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WASHINGTON – The Supreme Court on Monday made it tougher for investors to join together to sue corporations for securities fraud, a decision that could curb the number of multimillion-dollar legal settlements companies pay out each year.

But the unanimous ruling was only a modest step. It stopped short of tossing out a quarter-century-old legal theory that might have ended securities class-action lawsuits altogether. Only three of the nine justices said they would have gone that far.

Writing for the court, Chief Justice John Roberts said that companies should have a chance in the early stages of a lawsuit to show that any alleged fraud was not responsible for a drop in the company’s stock price.

The change could make it more expensive and time-consuming for plaintiffs at the early stages of litigation. That gives corporations a better chance to mount a defense and could discourage lawyers from bringing weaker securities cases.

The ruling is a partial victory for Halliburton Co., which is trying to block a class-action lawsuit claiming the energy services company inflated its stock price.

A group of investors claims they lost money when Halliburton’s stock price dropped after revelations the company misrepresented revenues, understated its liability in asbestos litigation and overstated the benefits of a merger.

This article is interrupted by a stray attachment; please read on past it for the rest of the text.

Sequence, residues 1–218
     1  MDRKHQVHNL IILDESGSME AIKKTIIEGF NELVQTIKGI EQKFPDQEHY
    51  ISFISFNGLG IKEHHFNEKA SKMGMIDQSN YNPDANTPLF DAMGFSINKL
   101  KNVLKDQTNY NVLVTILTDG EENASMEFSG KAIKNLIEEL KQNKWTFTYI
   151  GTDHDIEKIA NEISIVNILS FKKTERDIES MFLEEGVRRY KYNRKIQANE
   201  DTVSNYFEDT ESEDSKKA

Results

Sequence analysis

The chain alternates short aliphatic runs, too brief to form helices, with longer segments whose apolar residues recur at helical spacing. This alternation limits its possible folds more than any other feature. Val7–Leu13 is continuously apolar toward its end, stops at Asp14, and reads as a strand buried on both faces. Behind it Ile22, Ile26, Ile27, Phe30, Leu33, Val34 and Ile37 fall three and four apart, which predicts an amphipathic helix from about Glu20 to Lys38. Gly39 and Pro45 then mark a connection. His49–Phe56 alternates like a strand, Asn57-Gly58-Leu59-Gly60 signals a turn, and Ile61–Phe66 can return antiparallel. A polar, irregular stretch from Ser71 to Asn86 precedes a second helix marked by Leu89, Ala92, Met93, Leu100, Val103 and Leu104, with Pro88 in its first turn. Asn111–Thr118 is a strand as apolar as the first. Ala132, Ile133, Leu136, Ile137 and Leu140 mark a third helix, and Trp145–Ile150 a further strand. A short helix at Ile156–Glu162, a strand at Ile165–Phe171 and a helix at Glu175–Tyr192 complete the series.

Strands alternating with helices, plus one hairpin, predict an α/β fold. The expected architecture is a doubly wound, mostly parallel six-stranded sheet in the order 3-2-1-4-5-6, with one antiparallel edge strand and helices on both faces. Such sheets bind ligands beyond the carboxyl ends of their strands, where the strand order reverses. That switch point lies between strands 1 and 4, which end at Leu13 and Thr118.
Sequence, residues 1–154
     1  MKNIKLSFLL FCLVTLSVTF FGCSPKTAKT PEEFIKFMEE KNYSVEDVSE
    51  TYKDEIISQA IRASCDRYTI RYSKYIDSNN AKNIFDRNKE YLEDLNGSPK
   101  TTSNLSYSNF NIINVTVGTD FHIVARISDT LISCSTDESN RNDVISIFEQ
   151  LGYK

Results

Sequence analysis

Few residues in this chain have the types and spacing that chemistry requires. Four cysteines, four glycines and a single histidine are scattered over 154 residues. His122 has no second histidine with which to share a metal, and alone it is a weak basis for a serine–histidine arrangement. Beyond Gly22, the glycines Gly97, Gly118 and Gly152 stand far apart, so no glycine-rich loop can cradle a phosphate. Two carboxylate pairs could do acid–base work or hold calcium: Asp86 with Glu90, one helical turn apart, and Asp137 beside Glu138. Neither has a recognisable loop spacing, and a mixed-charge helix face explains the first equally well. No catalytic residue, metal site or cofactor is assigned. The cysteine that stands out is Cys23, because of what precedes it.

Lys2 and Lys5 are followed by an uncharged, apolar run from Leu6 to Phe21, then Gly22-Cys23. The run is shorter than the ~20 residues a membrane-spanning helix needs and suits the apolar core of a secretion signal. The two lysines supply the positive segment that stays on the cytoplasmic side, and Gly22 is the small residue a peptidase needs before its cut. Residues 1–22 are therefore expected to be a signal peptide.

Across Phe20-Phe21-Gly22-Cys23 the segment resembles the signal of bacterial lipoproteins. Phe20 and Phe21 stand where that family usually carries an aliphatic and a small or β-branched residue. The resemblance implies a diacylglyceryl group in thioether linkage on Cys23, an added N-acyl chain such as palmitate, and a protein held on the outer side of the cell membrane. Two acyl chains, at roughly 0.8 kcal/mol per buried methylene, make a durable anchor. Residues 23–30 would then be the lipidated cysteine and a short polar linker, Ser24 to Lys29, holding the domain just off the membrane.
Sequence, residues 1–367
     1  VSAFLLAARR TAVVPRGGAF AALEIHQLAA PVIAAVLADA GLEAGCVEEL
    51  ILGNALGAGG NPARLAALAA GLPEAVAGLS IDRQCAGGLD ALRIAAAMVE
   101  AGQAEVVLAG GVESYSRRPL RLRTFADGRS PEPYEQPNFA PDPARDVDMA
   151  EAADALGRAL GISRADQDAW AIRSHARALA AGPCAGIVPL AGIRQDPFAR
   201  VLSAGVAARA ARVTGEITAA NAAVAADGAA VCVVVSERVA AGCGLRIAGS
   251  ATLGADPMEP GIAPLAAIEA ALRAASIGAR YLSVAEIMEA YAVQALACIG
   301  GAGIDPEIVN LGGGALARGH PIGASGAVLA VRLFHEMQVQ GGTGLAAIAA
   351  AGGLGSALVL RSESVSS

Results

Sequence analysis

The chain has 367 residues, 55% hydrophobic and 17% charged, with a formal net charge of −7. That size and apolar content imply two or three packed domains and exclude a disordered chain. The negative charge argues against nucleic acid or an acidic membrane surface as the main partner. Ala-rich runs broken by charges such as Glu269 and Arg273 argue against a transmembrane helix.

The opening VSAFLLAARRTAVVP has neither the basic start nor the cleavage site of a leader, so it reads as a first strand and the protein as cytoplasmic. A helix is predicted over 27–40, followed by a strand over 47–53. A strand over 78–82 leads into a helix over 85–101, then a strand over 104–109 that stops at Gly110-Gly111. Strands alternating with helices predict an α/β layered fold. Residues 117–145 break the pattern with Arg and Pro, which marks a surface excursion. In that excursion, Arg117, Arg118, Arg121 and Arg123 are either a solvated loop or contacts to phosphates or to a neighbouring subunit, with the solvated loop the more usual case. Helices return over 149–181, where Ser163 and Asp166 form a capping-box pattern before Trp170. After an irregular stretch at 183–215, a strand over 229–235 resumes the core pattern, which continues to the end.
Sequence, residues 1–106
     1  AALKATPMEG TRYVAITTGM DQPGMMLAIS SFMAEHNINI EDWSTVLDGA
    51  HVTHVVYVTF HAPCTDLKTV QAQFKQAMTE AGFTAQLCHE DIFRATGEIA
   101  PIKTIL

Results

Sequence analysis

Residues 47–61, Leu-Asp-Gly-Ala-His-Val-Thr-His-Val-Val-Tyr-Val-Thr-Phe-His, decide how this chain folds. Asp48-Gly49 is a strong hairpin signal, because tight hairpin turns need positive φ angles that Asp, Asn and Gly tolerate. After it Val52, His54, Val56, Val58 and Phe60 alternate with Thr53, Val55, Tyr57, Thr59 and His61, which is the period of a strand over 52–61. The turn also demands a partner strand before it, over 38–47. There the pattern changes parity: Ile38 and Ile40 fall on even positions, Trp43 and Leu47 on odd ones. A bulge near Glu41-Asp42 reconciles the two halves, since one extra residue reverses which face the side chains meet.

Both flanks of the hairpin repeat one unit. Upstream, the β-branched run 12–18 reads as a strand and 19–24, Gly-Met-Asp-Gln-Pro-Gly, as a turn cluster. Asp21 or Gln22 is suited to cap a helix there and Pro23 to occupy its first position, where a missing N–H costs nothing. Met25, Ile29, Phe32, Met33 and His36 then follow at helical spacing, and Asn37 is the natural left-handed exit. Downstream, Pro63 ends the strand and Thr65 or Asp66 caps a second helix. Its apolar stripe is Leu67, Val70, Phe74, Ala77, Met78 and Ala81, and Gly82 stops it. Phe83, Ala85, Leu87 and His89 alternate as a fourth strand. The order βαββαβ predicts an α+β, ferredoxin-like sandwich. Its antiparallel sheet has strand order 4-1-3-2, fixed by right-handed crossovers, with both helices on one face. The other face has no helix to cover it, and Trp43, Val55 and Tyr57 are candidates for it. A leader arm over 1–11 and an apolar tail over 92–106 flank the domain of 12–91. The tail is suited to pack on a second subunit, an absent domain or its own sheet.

Halliburton attorney Aaron Streett said he was pleased “that the Supreme Court restored a measure of rationality and balance to securities class actions.” The case now goes back to the lower courts, where Halliburton will have another chance to block the investors from joining together as a class.

The decision is a minor win for business groups that complain the growth of such class actions is a drain on corporate profits and a windfall for plaintiff lawyers. Investor groups say the lawsuits help deter corporate fraud and abuse.

But the justices rejected Halliburton’s broader request to overturn the court’s 1988 decision in Basic v. Levinson, a case that sparked a surge in securities class-action lawsuits against publicly traded companies and has led to an estimated $73 billion in settlements since 1997.

Under Basic’s “fraud on the market” theory, shareholders who claim fraud don’t need to show they actually relied on specific false statements.

Roberts said Halliburton offered no “special justification” for overruling Basic’s fraud-on-the-market presumption.

He said even the biggest critics of the theory “acknowledge that public information generally affects stock prices.”